So we have a Hogwarts both in the Carson School and Shadowland, a Ron-Harry-Hermione triangle with Del-Tom-Rose, and a Dumbledore figure with Uncle Cole. But this is where Straub’s adult fiction sensibility comes in and mucks up everything. Rowling accepted some of her story-telling devices at face value like the basic benevolence of Hogwarts (House-Elves aside), the inherent goodness of Dumbledore, and the strength and stability of the Harry-Ron-Hermione triangle. That’s not to say that these devices are never threatened, but in general we know they’re going to hold. We all know that Dumbledore is not going to get fed up with Harry and crucify him, or that Ron, humiliated by Hermione’s general academic excellence, isn’t going to start gaslighting her. That’s what fan fiction is for.
In a sense, Rowling loves her toys too much to break them. Straub has his toys too—a magical school, a secret order of magicians, ghosts trapped in mirrors, beer-drinking fairies baiting badgers, spellbooks, secret passages—but he regards all this apparatus with a more jaundiced eye. He interrogates the whole concept of the Chosen One (Why Chosen? Chosen for what?), the motivations of the teachers (what compels you to spend your life teaching magic to precocious children?), and the warping of relationships when power comes into play.
Straub doesn’t write about goodies and baddies (or baddies who turn out to be goodies). Uncle Cole is Dumbledore and Voldemort rolled into one. Why does he proclaim Tom the Chosen One? To humiliate his nephew, whose childish enthusiasms disgust him because they remind him of how he used to be. Why does he agree to teach the boys magic? Because he’s caught in a cycle of abuse, much like the teachers at the Carson School. He takes these boys whose freedom and youth he envies, gives them rules so harsh and arbitrary they’ll inevitably break them, then uses this manufactured disobedience as permission to punish them.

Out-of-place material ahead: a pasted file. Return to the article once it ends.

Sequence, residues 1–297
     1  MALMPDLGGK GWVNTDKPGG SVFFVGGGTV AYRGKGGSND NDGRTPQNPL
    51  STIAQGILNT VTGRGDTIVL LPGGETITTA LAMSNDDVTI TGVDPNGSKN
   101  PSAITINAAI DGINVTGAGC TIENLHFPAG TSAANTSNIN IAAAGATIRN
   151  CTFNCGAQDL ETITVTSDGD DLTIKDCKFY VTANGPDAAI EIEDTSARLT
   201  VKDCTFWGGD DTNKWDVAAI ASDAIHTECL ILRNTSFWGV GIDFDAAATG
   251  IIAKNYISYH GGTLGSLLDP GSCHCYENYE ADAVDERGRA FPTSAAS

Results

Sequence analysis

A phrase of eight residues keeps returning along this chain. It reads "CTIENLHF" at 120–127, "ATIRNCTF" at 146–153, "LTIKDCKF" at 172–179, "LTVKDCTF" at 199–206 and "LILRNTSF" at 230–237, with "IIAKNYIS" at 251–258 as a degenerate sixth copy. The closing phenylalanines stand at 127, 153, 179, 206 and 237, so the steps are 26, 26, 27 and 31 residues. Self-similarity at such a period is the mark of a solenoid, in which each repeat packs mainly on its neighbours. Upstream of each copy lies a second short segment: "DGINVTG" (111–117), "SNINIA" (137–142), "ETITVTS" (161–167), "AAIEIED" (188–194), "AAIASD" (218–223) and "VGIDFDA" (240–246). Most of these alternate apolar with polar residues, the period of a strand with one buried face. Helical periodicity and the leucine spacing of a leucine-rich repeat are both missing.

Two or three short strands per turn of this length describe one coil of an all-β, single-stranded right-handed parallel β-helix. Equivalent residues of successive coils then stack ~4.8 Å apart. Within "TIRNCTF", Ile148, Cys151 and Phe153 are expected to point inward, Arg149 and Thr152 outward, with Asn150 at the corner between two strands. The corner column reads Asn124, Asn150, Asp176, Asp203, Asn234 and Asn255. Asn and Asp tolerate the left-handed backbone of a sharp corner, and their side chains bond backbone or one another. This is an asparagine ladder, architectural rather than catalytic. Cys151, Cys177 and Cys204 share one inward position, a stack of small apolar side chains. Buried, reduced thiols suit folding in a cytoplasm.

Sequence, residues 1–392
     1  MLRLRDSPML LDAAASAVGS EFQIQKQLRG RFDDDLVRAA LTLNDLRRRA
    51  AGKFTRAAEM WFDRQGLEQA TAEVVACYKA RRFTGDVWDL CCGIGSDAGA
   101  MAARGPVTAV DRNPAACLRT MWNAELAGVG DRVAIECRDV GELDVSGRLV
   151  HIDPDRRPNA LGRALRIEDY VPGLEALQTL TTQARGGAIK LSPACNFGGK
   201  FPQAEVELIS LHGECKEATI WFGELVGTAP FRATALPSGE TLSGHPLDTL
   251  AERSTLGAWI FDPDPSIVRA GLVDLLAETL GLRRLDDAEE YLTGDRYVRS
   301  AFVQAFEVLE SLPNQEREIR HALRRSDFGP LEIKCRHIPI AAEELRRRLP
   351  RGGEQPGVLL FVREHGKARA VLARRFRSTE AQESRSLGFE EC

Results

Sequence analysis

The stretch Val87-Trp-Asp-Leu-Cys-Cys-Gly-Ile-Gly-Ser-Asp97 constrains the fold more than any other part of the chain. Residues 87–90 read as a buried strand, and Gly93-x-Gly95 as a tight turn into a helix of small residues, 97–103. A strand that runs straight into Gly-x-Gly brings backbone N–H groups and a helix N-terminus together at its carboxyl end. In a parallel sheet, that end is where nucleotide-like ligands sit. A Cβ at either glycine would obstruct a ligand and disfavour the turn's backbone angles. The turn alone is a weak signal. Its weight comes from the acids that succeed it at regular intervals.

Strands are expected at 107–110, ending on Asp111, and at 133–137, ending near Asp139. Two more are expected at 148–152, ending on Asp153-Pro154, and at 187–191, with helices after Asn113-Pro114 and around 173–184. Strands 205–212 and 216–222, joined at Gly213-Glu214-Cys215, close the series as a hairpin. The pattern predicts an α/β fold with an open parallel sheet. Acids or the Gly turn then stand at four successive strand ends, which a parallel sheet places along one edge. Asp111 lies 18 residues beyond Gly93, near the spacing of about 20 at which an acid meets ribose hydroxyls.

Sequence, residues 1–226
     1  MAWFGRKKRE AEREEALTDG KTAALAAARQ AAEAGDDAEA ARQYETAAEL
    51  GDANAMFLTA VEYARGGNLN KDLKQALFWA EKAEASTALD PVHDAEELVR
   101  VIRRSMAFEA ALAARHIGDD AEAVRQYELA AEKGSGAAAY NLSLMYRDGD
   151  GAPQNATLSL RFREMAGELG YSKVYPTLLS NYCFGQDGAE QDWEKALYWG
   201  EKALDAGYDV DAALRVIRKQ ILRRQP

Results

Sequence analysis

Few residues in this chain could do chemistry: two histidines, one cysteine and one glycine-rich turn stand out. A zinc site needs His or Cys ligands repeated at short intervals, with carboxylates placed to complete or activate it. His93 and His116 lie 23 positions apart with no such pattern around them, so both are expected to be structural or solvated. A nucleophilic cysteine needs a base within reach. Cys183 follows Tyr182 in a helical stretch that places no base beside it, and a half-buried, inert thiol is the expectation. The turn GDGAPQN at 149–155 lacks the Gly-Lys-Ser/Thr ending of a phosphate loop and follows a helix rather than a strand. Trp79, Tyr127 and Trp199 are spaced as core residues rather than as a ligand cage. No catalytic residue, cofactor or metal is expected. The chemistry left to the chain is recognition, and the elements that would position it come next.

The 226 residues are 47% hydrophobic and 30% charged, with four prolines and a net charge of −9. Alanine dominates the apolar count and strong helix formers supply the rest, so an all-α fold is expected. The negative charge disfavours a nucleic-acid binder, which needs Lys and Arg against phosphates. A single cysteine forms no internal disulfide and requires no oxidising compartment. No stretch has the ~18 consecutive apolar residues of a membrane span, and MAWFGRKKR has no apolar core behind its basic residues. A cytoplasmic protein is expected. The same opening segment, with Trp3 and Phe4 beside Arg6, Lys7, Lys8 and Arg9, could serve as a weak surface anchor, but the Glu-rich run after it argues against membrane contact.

It’s perverse, but it’s no more perverse than how we do education. Dress codes, and grades, and Honors Classes are designed to convey knowledge but they’re also designed to teach obedience to systems. They’re designed to change us. So too is a school for magic. Change is tragic, but to reject it is to reject life. And life has its way with Del and Tom. They become mortal enemies, the man they trusted becomes the author of their destruction, the girl they loved turns out to be an illusion, and the magic they hungered for winds up being the thing they most regret.
Before reading Koko, I had never been a big fan of Straub and there’s something old fashioned and academic about his prose. Rowling’s books leap along, bounding from incident to incident, leavened with humor and character business. Straub’s Shadowland twists itself into its own guts, burrowing deeper into its own dark workings, full of carnage, blood, pain, fairy tales, and occasional flashes of joy and wonder. Stories are nested inside flashbacks which are contained within larger stories. And both authors, surprisingly, wind up in similar places.
Straub’s characters wind up getting exactly what their hearts desired. The villain is defeated, the captured princess goes free, and one boy winds up as a small glass sparrow who never has to grow old, while the other ages into adulthood, playing threadbare lounges and second-rate nightclubs, working his magic to earn a living, no better or worse than the rest of us. He’s not unhappy, exactly, but he knows with every pass of the cards, with every cup and ball trick, with each vanishing dove that nothing will ever compare to the wonder and terror, the intensity and pain, of how it felt to be a child.
Grady Hendrix has written for publications ranging from Playboy to World Literature Today; his most recent novel is Horrorstör, about a haunted Ikea, while My Best Friend’s Exorcism (which is like Beaches meets The Exorcist) will be out from Quirk Books on May 17th.